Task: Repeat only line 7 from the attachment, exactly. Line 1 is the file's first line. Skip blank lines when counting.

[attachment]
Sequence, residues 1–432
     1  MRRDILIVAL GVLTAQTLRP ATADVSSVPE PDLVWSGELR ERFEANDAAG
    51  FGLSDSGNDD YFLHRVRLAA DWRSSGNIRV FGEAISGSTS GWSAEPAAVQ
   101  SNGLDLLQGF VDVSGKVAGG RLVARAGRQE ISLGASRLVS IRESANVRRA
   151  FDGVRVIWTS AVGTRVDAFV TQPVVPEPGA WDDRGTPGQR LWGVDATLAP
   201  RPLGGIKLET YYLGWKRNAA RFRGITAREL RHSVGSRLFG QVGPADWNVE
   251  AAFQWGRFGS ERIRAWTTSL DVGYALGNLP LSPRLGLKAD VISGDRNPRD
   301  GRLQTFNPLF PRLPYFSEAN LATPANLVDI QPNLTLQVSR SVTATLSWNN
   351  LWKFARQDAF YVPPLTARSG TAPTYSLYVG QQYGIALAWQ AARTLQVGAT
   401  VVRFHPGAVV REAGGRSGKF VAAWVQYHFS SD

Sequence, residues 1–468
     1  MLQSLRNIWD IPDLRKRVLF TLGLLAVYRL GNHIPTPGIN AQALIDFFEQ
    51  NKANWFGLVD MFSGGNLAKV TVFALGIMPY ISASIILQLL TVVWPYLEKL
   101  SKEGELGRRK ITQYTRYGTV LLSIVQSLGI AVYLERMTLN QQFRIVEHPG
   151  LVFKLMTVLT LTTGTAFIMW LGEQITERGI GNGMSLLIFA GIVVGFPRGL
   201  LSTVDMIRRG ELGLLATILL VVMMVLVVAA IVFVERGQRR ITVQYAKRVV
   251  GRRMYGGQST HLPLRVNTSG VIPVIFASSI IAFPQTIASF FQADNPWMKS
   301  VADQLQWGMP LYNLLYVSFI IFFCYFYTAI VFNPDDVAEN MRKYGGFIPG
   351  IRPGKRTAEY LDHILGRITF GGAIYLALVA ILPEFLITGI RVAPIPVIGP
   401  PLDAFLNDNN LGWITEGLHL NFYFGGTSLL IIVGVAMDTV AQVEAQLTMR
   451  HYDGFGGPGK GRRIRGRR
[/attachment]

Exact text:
   251  AAFQWGRFGS ERIRAWTTSL DVGYALGNLP LSPRLGLKAD VISGDRNPRD